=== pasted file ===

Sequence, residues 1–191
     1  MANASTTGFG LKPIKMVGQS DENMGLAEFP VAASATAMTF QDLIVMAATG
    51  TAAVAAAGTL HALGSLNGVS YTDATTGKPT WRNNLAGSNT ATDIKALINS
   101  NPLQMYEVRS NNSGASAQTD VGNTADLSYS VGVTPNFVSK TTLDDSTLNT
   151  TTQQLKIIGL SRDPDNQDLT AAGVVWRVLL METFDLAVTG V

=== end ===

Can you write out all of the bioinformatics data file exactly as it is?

Sequence, residues 1–191
     1  MANASTTGFG LKPIKMVGQS DENMGLAEFP VAASATAMTF QDLIVMAATG
    51  TAAVAAAGTL HALGSLNGVS YTDATTGKPT WRNNLAGSNT ATDIKALINS
   101  NPLQMYEVRS NNSGASAQTD VGNTADLSYS VGVTPNFVSK TTLDDSTLNT
   151  TTQQLKIIGL SRDPDNQDLT AAGVVWRVLL METFDLAVTG V